Picture the scene 10 years ago pertinent to the Kenyan retail market sector. Small corner shops dotted the landscape each serving their itinerant customer base. A new boutique just opened shop down the street. However, the most prepossessing aspect of all was the megalithic supermarket chain that was aggressively setting up shop all around the country. The proliferation was such that even some small towns got the irrevocably high honour of having two branches of the same. The intended goal was to blot out all spectre of competition from any other retail entity that would endeavour to rival their customer base. This was a greatly market-capitalized establishment that beat all with regards to brand recognition as they had their very own mascot, some sort of bronze elephant as a totem for their store. The name is Nakumatt. Nakumatt Supermarket. The same scene was teeming with peers like then government-bailout revamped Uchumi Supermarket. Others were Tuskys, Chandarana Food Plus, Gilani’s, Eastmatt, Naivas and even then new kid on the block, Ukwala supermarket. Life was good for the entrepreneurs and shareholders of these megastores as business was booming and the flaunting of their insignia was the order of the day with each man tooting his own horn and trying to outdo the other with regards to customer acquisition and retention. All forms of media were inundated with advertisement promotions as they all clawed for a share of the market. Loyalty Cards were dished out like confetti to the most steadfast of customers with the aim of future redemption of a shiny gift after collection of sufficient points on the plastic gizmos. However, this was also a time of tumultuous change and come 2013, a regime change was effected in Kenya. Kenya’s economics savant who had the great honour of serving as President for two, 5-year terms, H.E. Emilio Mwai Kibaki was retiring from the helm of an economy he found in the doldrums but rebooted it to vibrancy. In his stead came in the bright-eyed, flashy and resplendent son of the First President of our Republic, H.E. Uhuru Kenyatta who like a seasoned windsurfer, rode the waves of a burgeoning business community all backing him to continue the economic resurgence agenda of his predecessor. It is here that the ordure probably hit the fan leaving us all with an unsightly stench. Today, the Kenyan retail market has hit turbulent waters with Uchumi, Ukwala and even foreign-owned Shoprite and Choppies falling on hard times. But their drop has not been as precipitous as it has happened for the giants of the aforementioned halcyon days a decade ago, Nakumatt and Tuskys Supermarkets. But when did the rain start beating these esteemed and gargantuan firms of business?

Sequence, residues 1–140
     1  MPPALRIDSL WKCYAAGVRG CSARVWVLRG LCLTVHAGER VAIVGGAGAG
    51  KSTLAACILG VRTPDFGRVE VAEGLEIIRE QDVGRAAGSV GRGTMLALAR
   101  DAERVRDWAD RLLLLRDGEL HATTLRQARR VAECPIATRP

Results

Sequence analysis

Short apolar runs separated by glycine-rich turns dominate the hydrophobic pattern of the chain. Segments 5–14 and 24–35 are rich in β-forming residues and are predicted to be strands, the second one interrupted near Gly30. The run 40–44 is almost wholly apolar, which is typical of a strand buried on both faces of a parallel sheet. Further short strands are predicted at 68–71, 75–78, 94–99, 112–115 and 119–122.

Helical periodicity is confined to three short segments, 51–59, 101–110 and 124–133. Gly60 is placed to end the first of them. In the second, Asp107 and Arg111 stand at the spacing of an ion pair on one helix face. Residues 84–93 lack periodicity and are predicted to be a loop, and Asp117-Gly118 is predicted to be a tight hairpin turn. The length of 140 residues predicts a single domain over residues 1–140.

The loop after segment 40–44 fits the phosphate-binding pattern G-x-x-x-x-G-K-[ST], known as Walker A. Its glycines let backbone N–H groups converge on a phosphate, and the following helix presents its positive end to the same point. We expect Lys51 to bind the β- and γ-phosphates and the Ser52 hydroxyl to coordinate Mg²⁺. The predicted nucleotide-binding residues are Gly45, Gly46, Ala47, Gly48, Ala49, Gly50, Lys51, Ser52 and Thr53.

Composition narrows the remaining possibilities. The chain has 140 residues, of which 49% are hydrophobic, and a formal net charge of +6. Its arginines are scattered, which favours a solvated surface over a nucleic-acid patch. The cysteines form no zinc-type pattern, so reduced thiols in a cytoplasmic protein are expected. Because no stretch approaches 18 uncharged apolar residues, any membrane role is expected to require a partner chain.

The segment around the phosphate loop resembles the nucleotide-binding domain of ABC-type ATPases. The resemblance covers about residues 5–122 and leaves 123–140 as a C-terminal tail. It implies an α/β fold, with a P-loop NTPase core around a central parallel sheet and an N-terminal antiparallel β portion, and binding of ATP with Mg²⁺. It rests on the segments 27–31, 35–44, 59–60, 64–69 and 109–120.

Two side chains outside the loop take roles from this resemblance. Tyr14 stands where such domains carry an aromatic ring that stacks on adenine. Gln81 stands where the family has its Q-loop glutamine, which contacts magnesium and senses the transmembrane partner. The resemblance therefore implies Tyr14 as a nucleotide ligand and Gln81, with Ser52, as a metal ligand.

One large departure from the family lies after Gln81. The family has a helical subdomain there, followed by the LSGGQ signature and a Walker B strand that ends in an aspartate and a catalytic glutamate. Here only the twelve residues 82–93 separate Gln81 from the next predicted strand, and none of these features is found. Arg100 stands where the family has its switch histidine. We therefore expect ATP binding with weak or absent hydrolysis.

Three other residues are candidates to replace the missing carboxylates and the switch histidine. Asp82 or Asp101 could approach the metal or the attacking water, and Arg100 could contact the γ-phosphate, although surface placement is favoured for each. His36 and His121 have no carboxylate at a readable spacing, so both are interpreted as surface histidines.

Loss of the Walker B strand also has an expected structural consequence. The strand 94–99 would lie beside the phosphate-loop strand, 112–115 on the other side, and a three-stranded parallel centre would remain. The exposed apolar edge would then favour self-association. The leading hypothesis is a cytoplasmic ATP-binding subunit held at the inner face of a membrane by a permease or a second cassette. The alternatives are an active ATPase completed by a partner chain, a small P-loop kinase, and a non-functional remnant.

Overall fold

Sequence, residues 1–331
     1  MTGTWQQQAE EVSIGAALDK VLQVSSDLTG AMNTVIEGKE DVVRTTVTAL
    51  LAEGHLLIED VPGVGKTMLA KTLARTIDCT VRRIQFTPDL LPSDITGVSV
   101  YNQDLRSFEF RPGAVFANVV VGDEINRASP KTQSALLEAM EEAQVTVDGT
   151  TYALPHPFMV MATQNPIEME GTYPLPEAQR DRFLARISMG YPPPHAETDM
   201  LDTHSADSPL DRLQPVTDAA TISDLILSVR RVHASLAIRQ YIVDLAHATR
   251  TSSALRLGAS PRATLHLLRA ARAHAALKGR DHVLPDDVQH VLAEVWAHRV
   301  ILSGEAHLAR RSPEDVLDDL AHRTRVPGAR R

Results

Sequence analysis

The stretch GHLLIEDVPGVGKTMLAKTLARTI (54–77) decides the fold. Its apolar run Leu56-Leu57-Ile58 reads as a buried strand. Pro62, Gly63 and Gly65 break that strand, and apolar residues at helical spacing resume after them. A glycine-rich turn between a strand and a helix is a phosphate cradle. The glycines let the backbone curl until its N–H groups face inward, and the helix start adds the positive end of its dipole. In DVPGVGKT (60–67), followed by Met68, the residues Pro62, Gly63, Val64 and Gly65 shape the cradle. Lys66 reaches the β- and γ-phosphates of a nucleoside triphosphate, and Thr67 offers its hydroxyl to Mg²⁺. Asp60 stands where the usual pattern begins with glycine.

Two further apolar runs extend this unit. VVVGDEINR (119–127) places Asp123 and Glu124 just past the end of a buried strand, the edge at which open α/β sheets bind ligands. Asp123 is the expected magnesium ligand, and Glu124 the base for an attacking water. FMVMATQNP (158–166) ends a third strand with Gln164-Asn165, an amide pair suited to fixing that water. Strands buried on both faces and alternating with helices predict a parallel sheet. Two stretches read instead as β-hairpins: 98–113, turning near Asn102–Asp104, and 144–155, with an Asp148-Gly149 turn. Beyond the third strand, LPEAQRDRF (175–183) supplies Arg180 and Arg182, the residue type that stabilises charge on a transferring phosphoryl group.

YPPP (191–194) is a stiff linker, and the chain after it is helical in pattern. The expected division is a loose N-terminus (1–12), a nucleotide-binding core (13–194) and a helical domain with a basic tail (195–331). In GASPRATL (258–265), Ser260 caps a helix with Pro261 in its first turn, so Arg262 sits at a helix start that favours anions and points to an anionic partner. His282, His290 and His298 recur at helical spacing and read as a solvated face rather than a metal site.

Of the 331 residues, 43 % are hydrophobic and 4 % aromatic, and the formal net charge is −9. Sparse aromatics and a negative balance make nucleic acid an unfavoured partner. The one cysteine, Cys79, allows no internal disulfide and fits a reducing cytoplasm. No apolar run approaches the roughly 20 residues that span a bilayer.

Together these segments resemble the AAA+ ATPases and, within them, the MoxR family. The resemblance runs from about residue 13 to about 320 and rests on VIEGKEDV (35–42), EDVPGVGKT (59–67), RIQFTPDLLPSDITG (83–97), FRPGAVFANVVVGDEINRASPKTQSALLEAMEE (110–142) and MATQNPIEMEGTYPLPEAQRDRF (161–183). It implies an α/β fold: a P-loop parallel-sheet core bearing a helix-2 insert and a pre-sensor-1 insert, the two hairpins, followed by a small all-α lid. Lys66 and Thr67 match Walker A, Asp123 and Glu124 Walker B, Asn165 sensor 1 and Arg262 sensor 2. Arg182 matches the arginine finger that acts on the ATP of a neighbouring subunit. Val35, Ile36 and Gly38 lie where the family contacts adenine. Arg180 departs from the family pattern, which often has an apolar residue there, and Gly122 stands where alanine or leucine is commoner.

For some perspective, you have to be regaled with the narrative of radix for both firms. Surprisingly, the birth stories of the two are as intricately intertwined as their destinies. Nakumatt Supermarket that was hitherto a retail juggernaut in East Africa owes its existence to its founder, one Punjabi-born Maganlal Shah who just like many fellow dukawallahs fled economic hardship in his autochthonous India at the advent of their independence in 1947 to come to the region formerly known as British East Africa to join his compatriots in enterprise. He started with a small shop in Embakasi serving both quarry labourers and those building the Jomo Kenyatta International Airport in that locale. Business was only a trickle, so he soon clambered onto his wagon and hitched onwards to Kisumu town in search of better tidings. Things were not working and he later moved to Elburgon, Nakuru and then to Nandi Hills in 1961. Here, one of his two sons, Atul Shah was born. 4 years later, this nomadic capitalist was on the move again setting up shop in Nakuru town, opposite its iconic open-air market. This was a clothing store named Vimal Fancy Store after Maganlal’s firstborn son, Vimal. So successful was this venture that Maganlal opened a 2nd store in Nakuru’s Kenyatta Avenue that was named Tiku Fancy store after his youngest daughter. So much effort was concentrated on the second store that the first one had to close shop in 1973. That was the heyday for locally made items of apparel for Kenyans then, who appreciated the high-quality products and the national policy was one of protectionism for the local producers of Cotton and Wool. Kenya had major cloth manufacturers like Rivatex and Raymonds with 100 other local entities on their coattails. The Modern-day C.E.O of Nakumatt before its collapse, Atul Shah was so overawed with the booming business that he elected to drop out of high school to also throw his hands on deck. The plea was assented to without as much as a whimper from his dad in spite of the outlandish nature of the request. 9 months later, sanity reigned as other family members prevailed upon young Atul to go back to school and leave the money-making shenanigans to the grown-ups. By 1975, the thirst for diversification hit Maganlal. He commenced the importation of ready-made garments and sheet cloth from Uganda. He was soon quite popular among fellow traders but for reasons external to his well-honed business nous that had served him well for an eon. He started selling goods on credit, premised on the promise of future payment ‘when the funds become available.’ This was not fiscally sound as many of the benefactors merely vanished into thin air after receiving the goods! He attempted to ride lightning but was met with the surly grips of eventual bankruptcy which soon forced a heavily-dejected Maganlal to close shop with debts in the region of 1.2 million shillings. Desperate to fend for his family, he approached his brother, Hasmukh for a job as a casual labourer. Unbeknownst to all not conversant with this tale, Hasmukh was running a thriving shop that selling bed linen called Nakuru Mattresses. His enterprising sons too were not left behind as they joined forces to open their own bed sheet stitching shop, Furmatts. 1978 was an exhilarating period for many Kenyan tycoons and capitalists of the time. Those who could, made their hay while the sun shone; if the stories from one Dr. Chris Kirubi, a preeminent Kenyan business mogul are to be believed. There was a boom in coffee prices in the world market necessitated by a deficit of the much-vaunted Brazilian Coffee. Kenya and neighbouring Uganda really ‘stood in the gap’ if I may use the expression. The backdrop was heavy pockets for coffee producers, middlemen and traders who virtually made like bandits in the ensuing epoch of history. This was the shot in the arm Maganlal needed with plenty of disposable income at play. Prices were hiked, but to fickle effect among the buyers as goods soon flew off the shelves. Why sacrifice style and grace if you can afford it? At around the same time, the two brothers, also touched by the hand of good fortune mobilized 300,000/- to foot a quarter of their father’s debt. Moreover, a new development was at play that would alter the entire narrative. Hasmukh was looking for a change of scenery. He had planned to move to the United Kingdom and was looking to dispose of his assets before the departure. In concert, the two sons and their father bought off the Nakuru Mattresses Holdings from their uncle and made it work. By 1979, so much profit had been made that the remaining 900,000 of Maganlal’s yoke of debt had been cleared and so the only way was up. With the business firmly in their hands, the 3 men diversified their commercial range and product offering. Soon Cooking pots, Basins, cooking sticks, frying pans and basically as many household items as were needed were stocked under a one-stop-shop. The first store outside Nakuru was opened in 1984 in Eldoret. In 1986, they broke into the Capital city with their seminal store at Ukwala Road behind the renowned ‘Bus Station.’ The marauding elephant rebranded to Nakumatt in 1987. It had now captured the market and in the intervening years, opened 32 stores in the major economic arteries of Kenya and further afield. Prior to the sudden closure, Nakumatt had a presence in Kenya, Uganda and Rwanda. Creditors formally voted to liquidate the enterprise on 7th January 2020.